The combination according to the invention also yields good products if other volumetric ratios of the vessels are selected. However, the above-described embodiment has proven to be an economically feasible solution with particularly good results.
The temperatures in the vessels are set differently, depending on the test conditions. A typical temperature combination is the following: first vessel 90° C., second vessel 106° C., third vessel 115° C., and fourth vessel 125° C. At these temperatures an excess pressure of from 6 to 9 bar is built up, which is adjusted to be equal in all vessels to ensure unpressurized flow of the suspension from one vessel to another. Since the heat of reaction is eliminated in this method only through the reactor wall and not by evaporation of the methyl chloride, the vessels can also be pressurized with nitrogen. This prevents large amounts of methyl chloride from getting into the steam chamber. Due to the excess pressure it is possible to increase (i) the methyl chloride concentration in the solvent and (ii) the reaction velocity. In this way the residence time in the reactor system can be reduced.
The mean residence time in the cascade during the production of methyl-hydroxyethyl cellulose, or methyl cellulose, are from about 10 to 50 minutes, preferably from about 20 to 30 minutes.
Replacement of reaction vessel cascade 14 by a column divided into chambers (compartment reactor) is possible. This equivalent embodiment can be even more economical under certain conditions. The subdivision of the column into sections permits separate cooling or heating of individual compartments, similar to the cascade. To obtain good results, the number of chambers in the column should be at least 4.
After the reaction is complete, the pressure of the atmosphere in the last vessel, vessel 14d, is reduced by withdrawing reaction mixture through line 16a to pressure reducer 16. Subsequently the reaction mixture is centrifuged in centrifuge 17 to separate suspended particles from solvent. Solvent is returned to storage vessel 4 via line 19, and product, the alkyl cellulose, is removed at 20. Purification of the solvent by steam distillation is possible but is only economical in a few instances.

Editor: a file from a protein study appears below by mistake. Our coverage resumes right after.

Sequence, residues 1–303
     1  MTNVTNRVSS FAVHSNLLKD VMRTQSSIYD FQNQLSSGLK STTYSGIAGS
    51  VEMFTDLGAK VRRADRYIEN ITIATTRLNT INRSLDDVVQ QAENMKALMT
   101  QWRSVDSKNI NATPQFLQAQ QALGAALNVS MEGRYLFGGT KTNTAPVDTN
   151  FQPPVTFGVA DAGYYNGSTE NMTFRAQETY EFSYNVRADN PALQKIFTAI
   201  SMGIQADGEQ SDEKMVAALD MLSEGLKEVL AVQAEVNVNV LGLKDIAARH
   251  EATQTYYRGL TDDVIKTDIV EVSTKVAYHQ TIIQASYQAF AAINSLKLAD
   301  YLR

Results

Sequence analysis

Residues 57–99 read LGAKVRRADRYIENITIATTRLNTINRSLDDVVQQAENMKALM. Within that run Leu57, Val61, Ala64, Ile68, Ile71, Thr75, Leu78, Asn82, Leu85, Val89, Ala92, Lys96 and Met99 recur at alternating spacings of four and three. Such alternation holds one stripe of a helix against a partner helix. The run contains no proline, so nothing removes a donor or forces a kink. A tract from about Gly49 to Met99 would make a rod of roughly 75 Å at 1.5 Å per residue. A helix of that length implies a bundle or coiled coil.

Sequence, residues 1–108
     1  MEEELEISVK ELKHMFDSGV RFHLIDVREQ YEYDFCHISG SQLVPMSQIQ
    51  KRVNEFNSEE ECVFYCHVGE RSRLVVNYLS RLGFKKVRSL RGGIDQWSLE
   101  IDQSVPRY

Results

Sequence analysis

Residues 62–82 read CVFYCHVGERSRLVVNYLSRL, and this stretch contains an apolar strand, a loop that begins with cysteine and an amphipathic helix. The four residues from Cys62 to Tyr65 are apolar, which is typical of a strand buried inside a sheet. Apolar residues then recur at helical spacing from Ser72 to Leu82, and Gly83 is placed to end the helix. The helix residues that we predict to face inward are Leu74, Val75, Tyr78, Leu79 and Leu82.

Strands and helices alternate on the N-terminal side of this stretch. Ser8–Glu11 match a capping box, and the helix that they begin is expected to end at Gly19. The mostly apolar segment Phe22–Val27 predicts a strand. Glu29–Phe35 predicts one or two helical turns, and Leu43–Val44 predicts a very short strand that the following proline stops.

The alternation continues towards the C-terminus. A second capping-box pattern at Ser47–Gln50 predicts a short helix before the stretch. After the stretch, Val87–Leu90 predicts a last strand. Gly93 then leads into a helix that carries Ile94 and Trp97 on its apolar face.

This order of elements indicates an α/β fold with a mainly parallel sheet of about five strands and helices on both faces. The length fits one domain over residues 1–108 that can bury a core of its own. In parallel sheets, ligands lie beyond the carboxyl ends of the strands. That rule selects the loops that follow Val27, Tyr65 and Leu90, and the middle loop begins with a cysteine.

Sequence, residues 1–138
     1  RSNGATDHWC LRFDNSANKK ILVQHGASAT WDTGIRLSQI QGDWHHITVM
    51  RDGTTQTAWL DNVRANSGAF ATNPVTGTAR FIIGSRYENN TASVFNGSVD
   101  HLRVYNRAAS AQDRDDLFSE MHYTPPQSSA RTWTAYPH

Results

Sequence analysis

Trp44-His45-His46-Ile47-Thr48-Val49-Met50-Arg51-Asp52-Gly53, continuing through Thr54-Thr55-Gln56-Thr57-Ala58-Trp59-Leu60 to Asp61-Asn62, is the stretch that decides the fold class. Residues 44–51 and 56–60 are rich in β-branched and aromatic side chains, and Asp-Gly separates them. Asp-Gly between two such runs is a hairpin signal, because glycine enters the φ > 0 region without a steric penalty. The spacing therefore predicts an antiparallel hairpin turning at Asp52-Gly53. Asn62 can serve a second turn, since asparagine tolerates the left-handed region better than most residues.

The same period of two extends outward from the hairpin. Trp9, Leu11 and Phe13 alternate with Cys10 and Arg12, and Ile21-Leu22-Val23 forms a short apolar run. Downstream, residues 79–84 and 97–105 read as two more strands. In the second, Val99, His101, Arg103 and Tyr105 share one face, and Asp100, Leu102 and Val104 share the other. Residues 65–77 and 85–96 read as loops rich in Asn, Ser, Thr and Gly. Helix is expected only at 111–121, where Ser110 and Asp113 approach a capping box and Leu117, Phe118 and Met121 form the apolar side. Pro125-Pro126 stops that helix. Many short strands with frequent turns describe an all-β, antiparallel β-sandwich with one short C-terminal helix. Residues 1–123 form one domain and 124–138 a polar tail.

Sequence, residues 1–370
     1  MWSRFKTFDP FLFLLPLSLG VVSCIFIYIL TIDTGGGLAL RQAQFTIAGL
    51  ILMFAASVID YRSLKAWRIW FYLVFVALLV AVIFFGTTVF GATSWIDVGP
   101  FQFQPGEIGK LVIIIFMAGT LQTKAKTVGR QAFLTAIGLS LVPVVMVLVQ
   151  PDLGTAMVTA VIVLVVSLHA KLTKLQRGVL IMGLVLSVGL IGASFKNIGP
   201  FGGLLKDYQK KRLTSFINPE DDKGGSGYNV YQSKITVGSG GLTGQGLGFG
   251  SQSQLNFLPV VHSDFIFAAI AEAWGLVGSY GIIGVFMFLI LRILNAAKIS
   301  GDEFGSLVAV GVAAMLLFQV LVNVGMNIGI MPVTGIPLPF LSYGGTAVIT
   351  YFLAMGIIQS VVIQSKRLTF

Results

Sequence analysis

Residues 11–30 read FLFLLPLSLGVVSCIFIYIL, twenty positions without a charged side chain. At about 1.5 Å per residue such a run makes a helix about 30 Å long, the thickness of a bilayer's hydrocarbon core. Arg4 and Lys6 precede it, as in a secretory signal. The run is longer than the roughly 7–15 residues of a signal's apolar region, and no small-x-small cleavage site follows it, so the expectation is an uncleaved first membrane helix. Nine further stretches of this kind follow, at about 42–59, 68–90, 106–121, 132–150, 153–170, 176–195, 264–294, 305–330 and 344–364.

According to the method of the invention, the suspension liquid or solvent to be recirculated has a high boiling point, while in presently used methods large amounts of liquid gas (boiling point: -23.9° C.) must be separated, worked up, and circulated. With equimolar amounts of methyl chloride, dimethyl ether, which is formed from the competing secondary reaction between methanol and methyl chloride, is passed out in gaseous form via line 18. In case of a slight excess of methyl chloride, unreacted methyl chloride escapes at this point. The amounts of methyl chloride and dimethyl ether in waste gas existing at line 18, which are of about the same order of magnitude, are worked up in this case according to known methods.
The pipe lines traversed by the suspension are selected according to certain criteria: on the one hand, the linear velocity of the suspension is at least three times higher than the sinking velocity of the particles, and, on the other hand, the specific pressure loss must be at a minimum or very close to it. If these principles are observed, a trouble-free conveyance in the entire system is possible, even at typical liquor ratios of only from about 1:9 to 1:11. The reduction of the amount of liquid to be circulated to the about 10-fold value of the amount of cellulose, as well as the simple and inexpensive workup of the relatively high-boiling inert liquid, permit low-cost production of the cellulose ethers.
The molar ratio of sodium hydroxide to anhydroglucose, designated α, was between 1.5 and 5 in the tests. Starting from α=2, high-quality products are obtained according to this method. Preferably the molar ratio of the charge should be close to the stoichiometric ratio (α≃3).
According to the method of the invention, the reaction can be carried out without excess methyl chloride, that is, with use of equimolar amounts of sodium hydroxide and methyl chloride. For some purposes, however, it is advisable to use a slight molar excess of methyl chloride of up to 50%, preferably of from about 10 to 30%.
The methyl cellulose is generally separated of common salt (NaCl) by washing with hot water. However, for mixed ethers, other known separation methods must be used, such as washing with water under pressure, cross-linking and washing in cold water, and the like.
The wet cellulose ethers can be subsequently dried. They are then available in usable form.
In the production of cellulose ethers in powder form, a certain amount of common salt should remain in the product to prevent agglomeration during workup and drying. Generally an amount of from about 0.5 to 3% by weight, based on the weight of the cellulose, will be effective. However, the limits for the common salt content can be lowered or raised in certain cases so that a range of from about 0.05 to 10% by weight of NaCl is customary in actual use. For this range of NaCl content, the powdered cellulose ether is obtained directly as described above, for the process set forth in the Drawing, without the necessity of grinding or de-agglomeration. Highly active fine dusts (max 10%>125μ) can be produced directly, which are preferably used in the building industry).